Remodel snafu - who bears the responsibility here?
In a nutshell - paid architect to plot out bathroom remodels, with washer/dryer to be in same room. Several photos were sent to her of washer/dryers enclosed with armoire-style doors, under a countertop. I asked if that could be incorporated into our design, and she thought it was a great use of space. Put plans out to bid, met with all bidders and specifically pointed out where w/d were to go - and how they were to be enclosed with these doors below countertop. And the contractor who got the bid reaffirmed that it would be done as shown in the plans. Skip ahead - time now to 'make the structure' - and now there are questions as to how it could be done. I said I would pay to have the architect draw up the dimensions indicating how these should be installed. We get the detailed page. Formica countertop gets put into place, w/d get put into place - and they proceed to work on how the armoire doors would be situated. When I attempt to use washer for the 1st time, I find I can't open the compartment that contains the detergent and bleach enough to actually pour in the detergent. The countertop is in the way. It appears that the functional design of the machine being enclosed - front-load washer - was not taken into consideration.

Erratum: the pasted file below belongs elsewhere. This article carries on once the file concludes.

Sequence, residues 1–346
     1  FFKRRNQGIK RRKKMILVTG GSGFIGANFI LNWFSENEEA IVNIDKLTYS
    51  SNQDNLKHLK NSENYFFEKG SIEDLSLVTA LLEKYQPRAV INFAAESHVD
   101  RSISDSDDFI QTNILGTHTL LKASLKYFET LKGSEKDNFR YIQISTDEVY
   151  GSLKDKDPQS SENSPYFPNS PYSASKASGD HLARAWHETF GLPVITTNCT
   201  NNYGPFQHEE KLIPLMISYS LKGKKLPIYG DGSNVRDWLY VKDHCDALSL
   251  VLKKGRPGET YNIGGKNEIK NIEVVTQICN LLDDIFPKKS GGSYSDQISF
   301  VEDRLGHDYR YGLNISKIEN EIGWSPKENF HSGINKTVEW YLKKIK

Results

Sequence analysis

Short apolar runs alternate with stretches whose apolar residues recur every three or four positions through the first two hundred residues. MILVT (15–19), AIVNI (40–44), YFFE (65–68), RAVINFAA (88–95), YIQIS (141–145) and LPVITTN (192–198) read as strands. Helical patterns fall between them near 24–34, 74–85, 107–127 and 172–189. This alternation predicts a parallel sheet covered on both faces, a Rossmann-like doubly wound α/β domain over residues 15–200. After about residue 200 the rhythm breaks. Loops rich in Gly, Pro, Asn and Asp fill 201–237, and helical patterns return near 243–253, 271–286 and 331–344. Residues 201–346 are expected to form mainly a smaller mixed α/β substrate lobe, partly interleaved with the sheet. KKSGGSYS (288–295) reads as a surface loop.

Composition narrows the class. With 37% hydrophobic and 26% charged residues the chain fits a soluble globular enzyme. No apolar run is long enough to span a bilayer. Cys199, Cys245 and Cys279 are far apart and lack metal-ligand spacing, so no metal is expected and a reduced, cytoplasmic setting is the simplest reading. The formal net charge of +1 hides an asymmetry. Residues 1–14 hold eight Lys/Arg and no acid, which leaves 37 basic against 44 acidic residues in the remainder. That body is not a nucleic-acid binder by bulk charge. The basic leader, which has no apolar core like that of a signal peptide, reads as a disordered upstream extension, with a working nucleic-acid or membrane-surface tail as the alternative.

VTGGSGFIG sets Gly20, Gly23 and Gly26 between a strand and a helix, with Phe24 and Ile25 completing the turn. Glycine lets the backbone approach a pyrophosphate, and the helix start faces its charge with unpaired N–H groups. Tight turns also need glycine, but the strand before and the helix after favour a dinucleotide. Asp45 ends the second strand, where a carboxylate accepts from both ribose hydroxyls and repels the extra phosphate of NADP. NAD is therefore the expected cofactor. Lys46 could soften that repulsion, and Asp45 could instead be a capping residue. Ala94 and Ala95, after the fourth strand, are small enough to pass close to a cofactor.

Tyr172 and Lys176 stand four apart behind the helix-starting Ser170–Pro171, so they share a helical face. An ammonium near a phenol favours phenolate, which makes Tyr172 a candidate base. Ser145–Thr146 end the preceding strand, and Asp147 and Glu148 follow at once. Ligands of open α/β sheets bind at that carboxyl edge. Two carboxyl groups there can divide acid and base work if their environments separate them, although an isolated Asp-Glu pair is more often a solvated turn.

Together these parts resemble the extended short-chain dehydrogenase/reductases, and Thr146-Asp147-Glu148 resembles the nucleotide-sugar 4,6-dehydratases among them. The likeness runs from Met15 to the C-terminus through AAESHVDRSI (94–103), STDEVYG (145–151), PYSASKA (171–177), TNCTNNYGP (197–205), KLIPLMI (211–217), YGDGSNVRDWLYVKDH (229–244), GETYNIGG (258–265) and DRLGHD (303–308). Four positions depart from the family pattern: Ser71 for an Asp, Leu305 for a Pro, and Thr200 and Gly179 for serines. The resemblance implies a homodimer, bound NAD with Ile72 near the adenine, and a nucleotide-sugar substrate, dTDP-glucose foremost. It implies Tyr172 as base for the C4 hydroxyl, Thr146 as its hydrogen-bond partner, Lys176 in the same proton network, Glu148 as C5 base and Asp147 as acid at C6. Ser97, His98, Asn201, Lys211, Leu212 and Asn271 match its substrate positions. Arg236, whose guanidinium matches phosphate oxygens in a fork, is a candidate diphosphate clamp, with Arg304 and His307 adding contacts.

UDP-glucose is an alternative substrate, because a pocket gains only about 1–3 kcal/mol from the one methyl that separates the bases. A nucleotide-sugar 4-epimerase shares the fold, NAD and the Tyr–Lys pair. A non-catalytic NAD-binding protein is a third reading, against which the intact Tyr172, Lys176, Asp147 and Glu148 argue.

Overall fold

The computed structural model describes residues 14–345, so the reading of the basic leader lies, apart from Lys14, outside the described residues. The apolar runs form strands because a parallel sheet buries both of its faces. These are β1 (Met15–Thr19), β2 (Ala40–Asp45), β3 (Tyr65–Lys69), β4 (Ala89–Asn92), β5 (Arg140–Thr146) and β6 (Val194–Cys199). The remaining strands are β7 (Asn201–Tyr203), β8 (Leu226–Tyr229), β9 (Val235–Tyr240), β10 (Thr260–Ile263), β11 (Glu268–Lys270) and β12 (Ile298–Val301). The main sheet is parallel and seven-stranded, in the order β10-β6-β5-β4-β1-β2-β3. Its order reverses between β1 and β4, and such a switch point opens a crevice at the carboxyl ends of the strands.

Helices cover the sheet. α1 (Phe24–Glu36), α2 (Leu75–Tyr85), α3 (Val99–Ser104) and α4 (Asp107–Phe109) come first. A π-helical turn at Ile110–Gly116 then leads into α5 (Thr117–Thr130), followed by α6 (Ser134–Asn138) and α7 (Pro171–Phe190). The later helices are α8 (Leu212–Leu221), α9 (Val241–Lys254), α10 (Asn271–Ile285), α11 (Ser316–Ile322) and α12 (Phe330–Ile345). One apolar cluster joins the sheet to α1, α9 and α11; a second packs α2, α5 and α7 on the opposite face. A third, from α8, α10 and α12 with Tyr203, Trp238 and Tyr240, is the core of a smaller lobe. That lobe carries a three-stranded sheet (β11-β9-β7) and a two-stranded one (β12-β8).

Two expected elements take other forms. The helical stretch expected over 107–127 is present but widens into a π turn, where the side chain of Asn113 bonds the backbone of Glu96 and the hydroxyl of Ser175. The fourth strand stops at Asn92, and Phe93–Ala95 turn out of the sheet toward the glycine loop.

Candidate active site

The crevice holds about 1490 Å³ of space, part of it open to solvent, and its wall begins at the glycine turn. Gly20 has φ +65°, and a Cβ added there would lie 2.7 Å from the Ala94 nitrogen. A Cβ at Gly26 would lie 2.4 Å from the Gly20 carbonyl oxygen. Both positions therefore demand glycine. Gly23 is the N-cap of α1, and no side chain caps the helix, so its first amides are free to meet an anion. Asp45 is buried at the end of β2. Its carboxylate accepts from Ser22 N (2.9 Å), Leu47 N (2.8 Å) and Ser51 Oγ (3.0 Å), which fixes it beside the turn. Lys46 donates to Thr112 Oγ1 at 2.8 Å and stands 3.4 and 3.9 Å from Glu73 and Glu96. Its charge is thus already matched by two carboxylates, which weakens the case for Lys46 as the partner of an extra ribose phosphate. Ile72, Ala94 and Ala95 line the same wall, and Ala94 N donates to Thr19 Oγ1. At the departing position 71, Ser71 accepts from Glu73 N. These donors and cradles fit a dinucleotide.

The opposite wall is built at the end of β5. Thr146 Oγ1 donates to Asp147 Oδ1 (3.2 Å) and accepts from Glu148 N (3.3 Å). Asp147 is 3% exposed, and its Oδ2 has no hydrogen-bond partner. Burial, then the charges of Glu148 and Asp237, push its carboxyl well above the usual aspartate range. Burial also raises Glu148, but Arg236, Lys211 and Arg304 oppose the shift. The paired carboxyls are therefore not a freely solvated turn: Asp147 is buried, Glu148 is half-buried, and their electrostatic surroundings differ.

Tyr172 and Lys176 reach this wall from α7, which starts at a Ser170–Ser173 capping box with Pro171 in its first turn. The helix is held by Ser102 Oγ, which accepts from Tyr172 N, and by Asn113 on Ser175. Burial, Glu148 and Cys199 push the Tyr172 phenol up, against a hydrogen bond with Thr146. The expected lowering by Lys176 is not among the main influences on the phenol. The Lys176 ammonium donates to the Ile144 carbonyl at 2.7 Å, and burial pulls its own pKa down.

We might be able to salvage the work already done here by cutting the countertop over the compartment area to create a piece that I could 'slide' to access the compartment when needed - and then just lovingly drape a towel or place a plant over it when I wished it not to be so bluntly visible.
Now the question: Who absorbs the extra cost for the time to make this adjustment? Should the architect have taken something like this into consideration when putting this in the plans - seeing as the washer becomes ineffective if I can't access it properly to wash the clothes. Does the contractor - having bid on the job with the plans stating how the w/d were to be enclosed - absorb the cost? [He is building it according to the architect's spec, so I don't feel that he should be responsible here.] Or do I absorb the cost because it didn't state in the plans that the countertop needed this unique handling. And I should have done 'due diligence' to know this?